One of the RV Project’s favorite people, Flannery Shay-Nemirow, had a blog called Recounted Experience, and she used the following quote from Jean-Paul Sartre as a tagline: “For an occurrence to become an adventure, it is necessary and sufficient for one to recount it.” I liked that quote, although I didn’t think about it much. It just sounded good.
The quote reminds me of the famous declaration, attributed to Socrates, that “the unexamined life is not worth living.” This is another series of words that sounds like a truism, though, again, I don’t think I ever knew exactly why it struck a chord. The following quote from an article in The New Philosopher addresses the extreme position Socrates is taking:
In a world of abiding uncertainty and complexity one can recognize a certain attraction in not examining too much, for too long in life. Thus the allure of those who offer to provide clear answers, simple directions, precise instructions (whatever) so that you may set aside examination and merely comply, or unthinkingly follow custom and practice – perhaps living a conventionally moral life rather than an examined ethical life. One can easily imagine how pleasant an unexamined life might be. And it is for this reason that I think Socrates makes his claim so uncompromising.
Flannery doesn’t update her blog anymore, sadly, but the aforementioned quote often pops into my mind when I feel the need to process some happenings, and recount them properly.
4 years ago, I put painful abrasions in my armpits by crutching 3 miles to and from Gateway Canyon. Facebook reminded me of this, as we are now in the era of Facebook-facilitated reminiscing. And now, here I am, recounting the experience of reminiscence…and before I return from this digression, see how capable a crutcher I became?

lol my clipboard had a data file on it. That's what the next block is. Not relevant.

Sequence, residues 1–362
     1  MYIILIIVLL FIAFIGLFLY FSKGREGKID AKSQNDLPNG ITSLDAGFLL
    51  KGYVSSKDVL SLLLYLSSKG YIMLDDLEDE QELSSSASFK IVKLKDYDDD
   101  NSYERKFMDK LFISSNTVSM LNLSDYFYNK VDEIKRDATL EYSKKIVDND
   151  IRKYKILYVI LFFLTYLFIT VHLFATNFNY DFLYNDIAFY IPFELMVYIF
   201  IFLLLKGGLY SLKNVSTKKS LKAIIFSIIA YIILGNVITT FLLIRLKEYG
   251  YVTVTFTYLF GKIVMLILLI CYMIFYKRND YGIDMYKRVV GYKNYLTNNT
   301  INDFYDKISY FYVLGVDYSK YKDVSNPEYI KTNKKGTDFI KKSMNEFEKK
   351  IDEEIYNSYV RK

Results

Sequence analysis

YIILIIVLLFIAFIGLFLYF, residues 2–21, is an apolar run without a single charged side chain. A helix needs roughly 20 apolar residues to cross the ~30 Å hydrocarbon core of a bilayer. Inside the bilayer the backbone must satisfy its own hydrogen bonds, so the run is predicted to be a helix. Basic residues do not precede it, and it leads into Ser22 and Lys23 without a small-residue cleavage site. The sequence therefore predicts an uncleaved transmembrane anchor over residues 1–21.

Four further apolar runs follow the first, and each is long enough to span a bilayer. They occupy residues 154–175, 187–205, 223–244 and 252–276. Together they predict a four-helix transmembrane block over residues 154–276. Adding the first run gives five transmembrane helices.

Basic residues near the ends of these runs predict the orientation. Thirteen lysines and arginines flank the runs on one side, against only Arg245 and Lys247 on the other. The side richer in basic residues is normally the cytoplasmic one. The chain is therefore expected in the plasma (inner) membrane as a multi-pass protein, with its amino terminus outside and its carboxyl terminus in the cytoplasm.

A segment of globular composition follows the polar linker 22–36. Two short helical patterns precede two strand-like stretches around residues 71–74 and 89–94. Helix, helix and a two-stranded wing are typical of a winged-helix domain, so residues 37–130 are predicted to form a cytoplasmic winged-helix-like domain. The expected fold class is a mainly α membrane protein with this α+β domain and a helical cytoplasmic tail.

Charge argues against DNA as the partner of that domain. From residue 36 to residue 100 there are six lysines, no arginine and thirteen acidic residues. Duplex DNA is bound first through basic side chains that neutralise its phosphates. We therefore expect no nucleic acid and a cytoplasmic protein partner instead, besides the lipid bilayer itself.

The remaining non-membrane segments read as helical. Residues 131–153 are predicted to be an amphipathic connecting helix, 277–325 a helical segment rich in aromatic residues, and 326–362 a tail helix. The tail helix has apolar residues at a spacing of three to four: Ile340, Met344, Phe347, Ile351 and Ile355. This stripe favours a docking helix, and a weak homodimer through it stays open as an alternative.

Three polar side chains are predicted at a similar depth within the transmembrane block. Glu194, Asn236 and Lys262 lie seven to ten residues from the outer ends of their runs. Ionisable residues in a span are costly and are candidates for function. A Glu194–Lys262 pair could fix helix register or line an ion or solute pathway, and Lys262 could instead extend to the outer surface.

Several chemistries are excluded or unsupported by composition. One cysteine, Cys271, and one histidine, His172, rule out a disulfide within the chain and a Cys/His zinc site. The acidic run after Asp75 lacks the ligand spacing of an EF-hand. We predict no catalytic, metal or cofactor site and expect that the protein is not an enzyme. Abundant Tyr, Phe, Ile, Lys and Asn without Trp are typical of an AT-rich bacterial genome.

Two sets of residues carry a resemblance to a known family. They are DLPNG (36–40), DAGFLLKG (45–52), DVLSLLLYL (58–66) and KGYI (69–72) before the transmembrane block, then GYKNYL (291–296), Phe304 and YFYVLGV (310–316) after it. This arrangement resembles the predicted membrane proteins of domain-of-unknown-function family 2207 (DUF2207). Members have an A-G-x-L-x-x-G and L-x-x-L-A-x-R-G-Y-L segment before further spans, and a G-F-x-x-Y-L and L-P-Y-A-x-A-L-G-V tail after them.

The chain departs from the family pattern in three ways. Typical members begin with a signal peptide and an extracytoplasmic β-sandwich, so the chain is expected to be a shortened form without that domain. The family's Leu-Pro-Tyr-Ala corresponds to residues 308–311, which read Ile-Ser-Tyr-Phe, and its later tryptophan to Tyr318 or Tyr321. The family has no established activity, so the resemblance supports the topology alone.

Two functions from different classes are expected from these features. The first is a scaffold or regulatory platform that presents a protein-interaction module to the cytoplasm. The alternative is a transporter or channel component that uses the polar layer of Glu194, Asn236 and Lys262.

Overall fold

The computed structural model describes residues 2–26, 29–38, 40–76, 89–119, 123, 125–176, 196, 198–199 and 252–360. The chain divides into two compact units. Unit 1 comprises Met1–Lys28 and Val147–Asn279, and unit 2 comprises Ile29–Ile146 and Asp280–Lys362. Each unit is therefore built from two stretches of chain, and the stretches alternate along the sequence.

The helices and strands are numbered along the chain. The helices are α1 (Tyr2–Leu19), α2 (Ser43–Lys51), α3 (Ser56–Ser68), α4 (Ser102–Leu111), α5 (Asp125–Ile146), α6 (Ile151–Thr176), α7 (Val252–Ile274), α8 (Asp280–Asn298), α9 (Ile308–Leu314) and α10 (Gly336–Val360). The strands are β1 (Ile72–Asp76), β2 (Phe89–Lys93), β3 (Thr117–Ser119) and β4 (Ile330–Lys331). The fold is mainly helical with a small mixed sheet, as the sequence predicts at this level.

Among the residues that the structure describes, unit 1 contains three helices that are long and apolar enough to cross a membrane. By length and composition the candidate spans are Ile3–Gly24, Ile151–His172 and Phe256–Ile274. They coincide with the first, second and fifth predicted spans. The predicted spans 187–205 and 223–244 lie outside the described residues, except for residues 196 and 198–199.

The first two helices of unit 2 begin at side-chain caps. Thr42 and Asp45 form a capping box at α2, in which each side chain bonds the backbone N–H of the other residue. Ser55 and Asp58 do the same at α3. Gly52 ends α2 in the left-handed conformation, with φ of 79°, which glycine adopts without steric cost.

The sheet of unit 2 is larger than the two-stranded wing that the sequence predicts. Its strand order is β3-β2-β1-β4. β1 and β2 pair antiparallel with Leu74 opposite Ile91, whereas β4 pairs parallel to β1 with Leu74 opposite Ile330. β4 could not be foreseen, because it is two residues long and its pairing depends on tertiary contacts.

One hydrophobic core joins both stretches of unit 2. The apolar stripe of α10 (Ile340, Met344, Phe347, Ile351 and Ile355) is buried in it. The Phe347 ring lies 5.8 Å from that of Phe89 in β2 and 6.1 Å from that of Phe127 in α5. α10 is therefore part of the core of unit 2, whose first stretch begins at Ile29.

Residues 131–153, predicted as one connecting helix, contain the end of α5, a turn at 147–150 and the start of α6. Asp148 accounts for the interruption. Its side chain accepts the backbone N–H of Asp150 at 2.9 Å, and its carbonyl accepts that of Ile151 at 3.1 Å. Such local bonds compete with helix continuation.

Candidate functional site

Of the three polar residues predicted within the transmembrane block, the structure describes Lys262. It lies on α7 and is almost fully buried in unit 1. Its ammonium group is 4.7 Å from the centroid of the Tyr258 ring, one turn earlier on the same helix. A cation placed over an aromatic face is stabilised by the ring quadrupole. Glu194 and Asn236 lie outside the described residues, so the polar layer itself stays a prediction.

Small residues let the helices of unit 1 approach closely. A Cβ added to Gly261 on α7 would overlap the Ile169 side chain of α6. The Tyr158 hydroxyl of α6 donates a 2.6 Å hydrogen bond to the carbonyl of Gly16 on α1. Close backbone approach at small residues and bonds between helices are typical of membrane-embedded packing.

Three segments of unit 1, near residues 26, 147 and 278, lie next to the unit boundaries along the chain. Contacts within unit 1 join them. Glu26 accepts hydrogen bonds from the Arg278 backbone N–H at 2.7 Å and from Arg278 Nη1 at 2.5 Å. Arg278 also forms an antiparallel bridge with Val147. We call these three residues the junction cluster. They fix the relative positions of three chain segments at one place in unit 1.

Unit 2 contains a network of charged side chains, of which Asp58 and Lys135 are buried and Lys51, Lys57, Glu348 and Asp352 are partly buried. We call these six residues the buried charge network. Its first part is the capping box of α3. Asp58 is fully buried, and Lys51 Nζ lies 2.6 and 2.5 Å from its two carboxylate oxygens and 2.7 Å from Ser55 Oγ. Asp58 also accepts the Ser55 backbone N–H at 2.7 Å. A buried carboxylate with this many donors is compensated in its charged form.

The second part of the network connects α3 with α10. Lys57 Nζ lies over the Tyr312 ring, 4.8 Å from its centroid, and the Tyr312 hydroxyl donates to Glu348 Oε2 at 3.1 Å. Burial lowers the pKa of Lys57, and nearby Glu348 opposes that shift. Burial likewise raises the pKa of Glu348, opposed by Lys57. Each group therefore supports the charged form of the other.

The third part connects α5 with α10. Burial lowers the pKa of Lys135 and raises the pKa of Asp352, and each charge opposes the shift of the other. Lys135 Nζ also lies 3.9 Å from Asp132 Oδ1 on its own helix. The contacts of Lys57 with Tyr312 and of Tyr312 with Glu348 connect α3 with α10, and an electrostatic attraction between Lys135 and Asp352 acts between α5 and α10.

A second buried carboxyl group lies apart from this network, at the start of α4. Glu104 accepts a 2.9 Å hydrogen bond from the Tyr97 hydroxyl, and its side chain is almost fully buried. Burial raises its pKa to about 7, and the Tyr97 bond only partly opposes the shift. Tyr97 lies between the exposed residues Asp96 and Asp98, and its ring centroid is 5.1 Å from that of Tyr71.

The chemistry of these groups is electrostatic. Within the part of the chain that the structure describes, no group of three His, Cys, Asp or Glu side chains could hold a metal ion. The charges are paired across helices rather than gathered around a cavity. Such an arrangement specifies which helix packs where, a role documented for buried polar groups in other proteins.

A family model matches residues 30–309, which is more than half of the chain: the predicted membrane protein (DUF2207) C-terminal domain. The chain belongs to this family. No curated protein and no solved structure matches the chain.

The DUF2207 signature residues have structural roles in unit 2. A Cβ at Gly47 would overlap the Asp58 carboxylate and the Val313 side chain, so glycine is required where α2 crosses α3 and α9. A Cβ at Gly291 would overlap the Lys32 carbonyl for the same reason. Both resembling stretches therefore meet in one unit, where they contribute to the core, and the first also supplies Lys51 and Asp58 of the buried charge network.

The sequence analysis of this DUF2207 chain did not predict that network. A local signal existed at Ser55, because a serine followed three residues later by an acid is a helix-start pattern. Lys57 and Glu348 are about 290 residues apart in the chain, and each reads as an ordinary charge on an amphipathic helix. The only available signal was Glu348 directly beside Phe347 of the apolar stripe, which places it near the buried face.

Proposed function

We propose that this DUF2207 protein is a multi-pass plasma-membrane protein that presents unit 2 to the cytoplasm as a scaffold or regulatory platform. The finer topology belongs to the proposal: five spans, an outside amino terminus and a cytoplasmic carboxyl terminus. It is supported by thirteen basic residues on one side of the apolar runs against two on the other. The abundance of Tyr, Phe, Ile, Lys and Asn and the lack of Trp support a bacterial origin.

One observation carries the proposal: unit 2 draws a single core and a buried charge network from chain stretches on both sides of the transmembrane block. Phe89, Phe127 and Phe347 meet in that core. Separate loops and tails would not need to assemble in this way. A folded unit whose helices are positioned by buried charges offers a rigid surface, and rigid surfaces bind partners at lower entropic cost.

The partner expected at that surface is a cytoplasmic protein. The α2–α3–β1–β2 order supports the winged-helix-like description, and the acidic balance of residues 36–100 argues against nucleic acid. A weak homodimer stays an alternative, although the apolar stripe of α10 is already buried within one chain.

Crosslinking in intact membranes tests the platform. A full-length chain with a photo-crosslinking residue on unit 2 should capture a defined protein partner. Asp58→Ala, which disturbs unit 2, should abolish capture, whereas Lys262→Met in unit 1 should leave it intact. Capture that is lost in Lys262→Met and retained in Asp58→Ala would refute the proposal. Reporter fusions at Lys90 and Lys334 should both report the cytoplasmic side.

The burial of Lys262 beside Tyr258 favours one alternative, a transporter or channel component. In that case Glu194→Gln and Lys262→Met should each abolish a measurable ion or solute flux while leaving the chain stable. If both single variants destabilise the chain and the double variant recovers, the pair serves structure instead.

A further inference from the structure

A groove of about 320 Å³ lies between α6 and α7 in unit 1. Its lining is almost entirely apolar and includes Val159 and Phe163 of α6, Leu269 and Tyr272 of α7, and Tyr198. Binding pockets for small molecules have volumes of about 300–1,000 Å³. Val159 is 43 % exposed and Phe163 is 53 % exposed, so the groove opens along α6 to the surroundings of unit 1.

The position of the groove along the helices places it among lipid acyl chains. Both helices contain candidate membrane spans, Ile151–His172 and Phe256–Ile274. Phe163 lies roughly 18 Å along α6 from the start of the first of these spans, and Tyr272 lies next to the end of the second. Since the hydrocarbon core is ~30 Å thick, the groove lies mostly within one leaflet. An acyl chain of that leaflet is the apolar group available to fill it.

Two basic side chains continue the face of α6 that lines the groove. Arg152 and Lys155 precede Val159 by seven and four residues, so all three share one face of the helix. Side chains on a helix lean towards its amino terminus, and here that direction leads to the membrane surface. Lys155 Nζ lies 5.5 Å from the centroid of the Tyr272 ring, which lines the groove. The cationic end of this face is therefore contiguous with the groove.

4 years is a lot of time for change to occur. It’s the average span of high school, or undergraduate studies. A presidential term. The gap between one Olympic Games and another. World wars seem to take about 4 years to administer, plus some turmoil bookending official hostilities; meddling proxy wars take a bit longer (see: Vietnam, Iraq II, Afghanistan).
What Are We Talking About When We Talk About Climbing?
4 years ago, if our writing from that period is any indication, we talked about climbing as our way of self-actualizing. It was a pursuit that felt extraordinary, resulted in personal growth, motivated us to live better, and connected us to humanity and the non-human environment simultaneously.
4 years on, we are less focused on our own climbing and the improvement of it. We still examine climbing, but through a lens with a wider angle. There is less emphasis on move-by-move struggle; we are now fascinated by how climbing relates to the rest of life, how we can use the climbing perspective to bring the confusing morass of life into better focus. How fortunate, I suppose, that the pursuits of climbing and ruminating are so synergistic.
Fuck It Dude. Let’s Go Bowling.
4 years ago, neither of us had met Steve Edwards in person. This morning, I read through Rock and Ice’s annual Climbers We Lost article, which features a photo that I took of Steve the day after his 54th Birthday Challenge in 2014. So much has changed in that period of time, and I’d hardly believe it myself if not for having made the vague concept of Storytelling our careers, and this blog a priority. If you’ve read this blog or spoken to either Vikki or myself in the past 6 months, then you probably have the proper context. If not, click ’n’ read.